The third quarter results for Dubai’s two largest listed construction companies made grim reading. Both Arabtec Holding and Drake & Scull International posted substantial losses, and the growing concern within the construction industry is that other privately-held firms are faring just as badly.

Although individual companies have their own specific issues, cash flow is the main problem as clients tighten their purse strings due to increasing uncertainty in the market brought on by lower oil prices and an oversupply of property in Dubai.

As cash flow slows, contractors are scaling back their operations and job cuts are looking increasingly inevitable. Commenting on its results, Arabtec said that it plans to “further reduce the group’s cost base in 2016”.

This is a major problem for the broader economy. Investment in projects is a key driver of consumption across the region as people working on projects spend money in shopping malls, buy cars, have children at schools, and invest in property. Experience from Dubai in late 2008 and early 2009 demonstrated how strong the link between construction activity and economic growth is.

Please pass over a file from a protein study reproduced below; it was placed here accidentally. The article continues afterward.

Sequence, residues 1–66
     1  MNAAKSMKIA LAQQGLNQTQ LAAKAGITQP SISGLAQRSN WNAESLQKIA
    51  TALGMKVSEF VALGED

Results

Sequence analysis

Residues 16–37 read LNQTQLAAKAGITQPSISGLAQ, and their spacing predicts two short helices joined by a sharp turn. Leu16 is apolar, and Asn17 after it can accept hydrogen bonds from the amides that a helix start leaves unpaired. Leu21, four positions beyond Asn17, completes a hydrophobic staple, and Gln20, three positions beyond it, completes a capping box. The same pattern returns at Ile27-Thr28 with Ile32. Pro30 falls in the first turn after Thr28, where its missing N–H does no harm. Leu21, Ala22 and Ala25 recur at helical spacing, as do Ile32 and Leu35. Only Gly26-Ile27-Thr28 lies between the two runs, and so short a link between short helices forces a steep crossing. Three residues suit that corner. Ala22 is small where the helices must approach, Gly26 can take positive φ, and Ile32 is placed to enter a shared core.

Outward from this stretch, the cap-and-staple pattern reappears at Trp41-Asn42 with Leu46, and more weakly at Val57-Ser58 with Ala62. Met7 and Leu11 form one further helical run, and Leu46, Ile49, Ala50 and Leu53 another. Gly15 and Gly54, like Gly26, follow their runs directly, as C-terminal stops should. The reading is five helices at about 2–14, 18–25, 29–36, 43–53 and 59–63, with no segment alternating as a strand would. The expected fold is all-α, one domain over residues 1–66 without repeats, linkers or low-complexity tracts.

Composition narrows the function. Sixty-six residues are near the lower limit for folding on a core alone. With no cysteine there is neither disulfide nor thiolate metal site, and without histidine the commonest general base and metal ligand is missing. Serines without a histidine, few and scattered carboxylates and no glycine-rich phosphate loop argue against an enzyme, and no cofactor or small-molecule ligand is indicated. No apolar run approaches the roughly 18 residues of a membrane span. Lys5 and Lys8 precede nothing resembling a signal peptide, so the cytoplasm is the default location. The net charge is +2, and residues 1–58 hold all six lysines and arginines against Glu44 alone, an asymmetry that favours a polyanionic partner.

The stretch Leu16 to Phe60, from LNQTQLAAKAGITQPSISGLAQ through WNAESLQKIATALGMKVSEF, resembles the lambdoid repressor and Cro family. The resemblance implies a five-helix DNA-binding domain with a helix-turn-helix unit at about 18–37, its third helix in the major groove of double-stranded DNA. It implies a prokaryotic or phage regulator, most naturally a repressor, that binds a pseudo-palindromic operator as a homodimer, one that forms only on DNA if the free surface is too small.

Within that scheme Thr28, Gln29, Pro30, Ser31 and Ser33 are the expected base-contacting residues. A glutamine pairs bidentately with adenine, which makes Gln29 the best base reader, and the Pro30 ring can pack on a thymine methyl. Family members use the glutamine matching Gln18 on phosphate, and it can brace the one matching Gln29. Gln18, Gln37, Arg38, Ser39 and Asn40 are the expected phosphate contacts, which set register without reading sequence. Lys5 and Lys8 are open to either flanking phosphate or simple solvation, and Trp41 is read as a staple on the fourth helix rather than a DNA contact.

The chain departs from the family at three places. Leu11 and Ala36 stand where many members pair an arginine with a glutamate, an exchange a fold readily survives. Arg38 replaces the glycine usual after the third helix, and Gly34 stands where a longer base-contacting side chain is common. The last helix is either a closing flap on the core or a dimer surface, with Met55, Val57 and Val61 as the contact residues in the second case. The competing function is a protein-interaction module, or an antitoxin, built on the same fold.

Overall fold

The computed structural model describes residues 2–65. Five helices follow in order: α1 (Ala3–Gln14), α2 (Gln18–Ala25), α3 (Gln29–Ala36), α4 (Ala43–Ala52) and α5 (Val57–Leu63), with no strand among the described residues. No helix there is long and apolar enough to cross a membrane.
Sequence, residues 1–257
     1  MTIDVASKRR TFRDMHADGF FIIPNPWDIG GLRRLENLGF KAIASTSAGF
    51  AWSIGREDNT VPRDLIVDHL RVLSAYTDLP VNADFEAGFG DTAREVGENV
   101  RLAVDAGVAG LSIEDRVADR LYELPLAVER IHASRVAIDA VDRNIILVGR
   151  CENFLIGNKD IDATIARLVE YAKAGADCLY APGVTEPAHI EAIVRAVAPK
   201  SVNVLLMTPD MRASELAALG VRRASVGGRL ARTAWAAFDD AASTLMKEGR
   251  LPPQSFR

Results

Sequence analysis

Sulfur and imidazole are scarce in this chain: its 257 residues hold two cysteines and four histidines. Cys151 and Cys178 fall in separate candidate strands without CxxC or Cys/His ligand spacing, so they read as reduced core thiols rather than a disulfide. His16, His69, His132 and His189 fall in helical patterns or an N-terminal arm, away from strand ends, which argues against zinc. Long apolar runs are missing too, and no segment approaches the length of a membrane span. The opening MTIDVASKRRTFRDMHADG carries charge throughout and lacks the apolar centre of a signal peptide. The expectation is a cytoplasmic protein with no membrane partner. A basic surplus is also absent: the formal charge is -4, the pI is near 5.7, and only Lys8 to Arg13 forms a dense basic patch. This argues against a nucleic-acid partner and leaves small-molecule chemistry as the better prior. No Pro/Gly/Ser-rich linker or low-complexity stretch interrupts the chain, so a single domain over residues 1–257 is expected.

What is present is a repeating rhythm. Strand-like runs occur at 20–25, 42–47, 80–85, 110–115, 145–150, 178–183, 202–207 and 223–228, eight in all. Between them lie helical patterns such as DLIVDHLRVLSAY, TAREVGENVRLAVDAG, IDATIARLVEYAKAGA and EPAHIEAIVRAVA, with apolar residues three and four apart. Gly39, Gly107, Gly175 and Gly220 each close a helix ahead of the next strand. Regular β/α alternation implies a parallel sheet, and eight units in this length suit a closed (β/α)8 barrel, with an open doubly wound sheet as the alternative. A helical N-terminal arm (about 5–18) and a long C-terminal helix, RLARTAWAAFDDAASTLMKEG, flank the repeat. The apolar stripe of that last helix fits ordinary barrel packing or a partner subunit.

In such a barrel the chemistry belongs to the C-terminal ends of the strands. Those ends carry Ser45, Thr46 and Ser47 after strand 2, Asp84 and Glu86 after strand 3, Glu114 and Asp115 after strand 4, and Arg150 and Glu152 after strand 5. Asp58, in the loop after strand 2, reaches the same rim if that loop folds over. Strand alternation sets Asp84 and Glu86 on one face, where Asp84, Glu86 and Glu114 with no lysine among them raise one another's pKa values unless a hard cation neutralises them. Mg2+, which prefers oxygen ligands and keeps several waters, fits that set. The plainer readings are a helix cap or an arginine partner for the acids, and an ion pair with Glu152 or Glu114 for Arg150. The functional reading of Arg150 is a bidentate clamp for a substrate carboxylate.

Mindful of the potential slowdown in 2016, Dubai is moving to pump prime its economy with a raft of high profile construction projects. Government agencies have begun tendering major infrastructure projects, and government controlled developers have been instructed to press ahead with a crop of new high rise schemes for the emirate. Still in their early stages, the intention is for these projects to be tendered and awarded in 2016.

Progress is not guaranteed. Most clients still need to secure funding and as the market shows signs of slowing down, finance will be increasingly difficult to secure.